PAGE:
Author: Antonio Garrido
Translator: Thomas Bunstead
Publisher: Amazon Crossing (May 28, 2013)
Format Read: Ebook Novel
Genre: Historical Mystery
After his grandfather dies, avid scholar and budding forensic investigator Cí Song begrudgingly gives up his studies to help his family. But when another tragedy strikes, he’s forced to run and also deemed a fugitive. Dishonored, he has no choice but to accept work as a lowly gravedigger, a position that allows him to sharpen his corpse-reading skills. Soon, he can deduce whether a person killed himself—or was murdered.
His prowess earns him notoriety, and Cí receives orders to unearth the perpetrator of a horrific series of mutilations and deaths at the Imperial Court. Cí’s gruesome investigation quickly grows complicated thanks to old loyalties and the presence of an alluring, enigmatic woman. But he remains driven by his passion for truth—especially once the killings threaten to take down the Emperor himself.
Inspired by Song Cí, considered to be the founding father of CSI-style forensic science, this harrowing novel set during the thirteenth-century Tsong Dynasty draws readers into a multilayered, ingenious plot as disturbing as it is fascinating.
Teasers: His worst offense, it seemed, was to have fathered several daughters, which meant he had to slave to make enough money for remotely attractive dowries. – 3%
“Finding the culprit will be as simple as shaking a stone out of your shoe.” – 5%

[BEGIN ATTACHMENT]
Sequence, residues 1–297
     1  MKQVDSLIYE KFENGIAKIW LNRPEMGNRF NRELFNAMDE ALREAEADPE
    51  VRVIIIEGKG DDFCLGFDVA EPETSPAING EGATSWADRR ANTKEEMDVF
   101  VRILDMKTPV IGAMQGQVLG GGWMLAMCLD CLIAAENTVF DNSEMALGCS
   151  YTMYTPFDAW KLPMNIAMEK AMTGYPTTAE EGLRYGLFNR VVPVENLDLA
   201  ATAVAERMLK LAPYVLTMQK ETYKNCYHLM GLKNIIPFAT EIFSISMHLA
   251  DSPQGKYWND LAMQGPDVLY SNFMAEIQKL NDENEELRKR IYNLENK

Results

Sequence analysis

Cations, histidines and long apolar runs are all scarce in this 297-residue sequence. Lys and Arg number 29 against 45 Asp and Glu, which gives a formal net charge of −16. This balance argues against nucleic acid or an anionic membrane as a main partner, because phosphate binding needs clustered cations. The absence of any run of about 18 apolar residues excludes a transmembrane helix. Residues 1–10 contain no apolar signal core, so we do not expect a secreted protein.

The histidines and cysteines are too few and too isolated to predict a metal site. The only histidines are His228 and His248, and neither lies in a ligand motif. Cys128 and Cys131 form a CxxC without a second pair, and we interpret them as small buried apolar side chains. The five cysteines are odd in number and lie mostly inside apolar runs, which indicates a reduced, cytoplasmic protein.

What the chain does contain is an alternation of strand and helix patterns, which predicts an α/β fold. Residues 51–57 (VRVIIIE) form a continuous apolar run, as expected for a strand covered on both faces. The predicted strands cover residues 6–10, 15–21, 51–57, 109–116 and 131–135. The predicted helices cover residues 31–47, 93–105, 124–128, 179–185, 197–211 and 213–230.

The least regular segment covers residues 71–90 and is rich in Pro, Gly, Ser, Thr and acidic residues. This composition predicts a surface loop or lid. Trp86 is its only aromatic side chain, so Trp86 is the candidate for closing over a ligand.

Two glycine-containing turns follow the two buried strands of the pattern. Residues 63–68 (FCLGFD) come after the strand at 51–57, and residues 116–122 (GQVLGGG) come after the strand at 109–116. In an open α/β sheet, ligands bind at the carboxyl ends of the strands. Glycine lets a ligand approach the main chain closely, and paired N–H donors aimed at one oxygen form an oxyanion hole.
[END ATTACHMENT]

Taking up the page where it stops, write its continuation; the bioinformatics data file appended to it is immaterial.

“All small-minded people want is possessions, money, fortune, when the most valuable thing is a descendant to look after you in your old age and honor you once you’re gone.” – 10%
All became smoke and darkness. – 11 %
“By God, I know enough to cut our your damn tongue and eat it grilled!” – 17%
Life was waiting for him in Lin’an. – 20%
The art of fortune-telling is one part truth, ten parts lies, and the rest pure illusion. – 32%
The food arrived, and there was so much, and such variety, that the well-known saying about Lin’an—that here you could eat anything that flew except the comets, anything that swam except boats, and anything with legs except tables—seemed entirely apt. – 47%
No news didn’t feel at all like good news. – 48%
“We strangled one just this morning,” he said brightly. – 59%
Review: From humble beginnings to sought-after mind, Cí Song would do anything for honor and knowledge in Antonio Garrido’s The Corpse Reader.
The Corpse Reader reminds me of CSI set in medieval China. Cí Song is a fascinating character. His inquisitive mind and thirst for knowledge makes him interesting, but it’s the tragedy of his life that pulls on this reader’s heartstrings. I felt his pains, heartaches, and triumphs. The rest of the cast is equally intriguing. Garrido has created well-developed and three dimensional characters amongst the exotic backdrop of medieval China. I felt like I was there between the masses of people in Lin’an to the extravagance of the emperor’s palace to the simple life of Cí’s village. Garrido definitely did his research without the world-building slowing down the plot.
Despite the historical setting, The Corpse Reader is a fast-paced, well-written novel. Garrido’s writing is easy to enjoy and feels very modern, which I prefer in my historical novels. The intricate plot kept me guessing as the characters led me through twists and turns. However, the middle did lag a bit, for me. By that mid-point, the epic feel to the storyline started to unravel toward the unbelievable with everything that happened to Cí. Anything and everything seemed and often was possible. The mystery of whodunit kept me reading, and I didn’t guess who the culprit was until nearly the end.
Although the last half lagged a bit for me, I enjoyed The Corpse Reader by Antonio Garrido and would recommend it to fans of forensic science dramas. The fact that it is based in medieval China and a real life person are added bonuses.
Four Bookworms = I really liked it!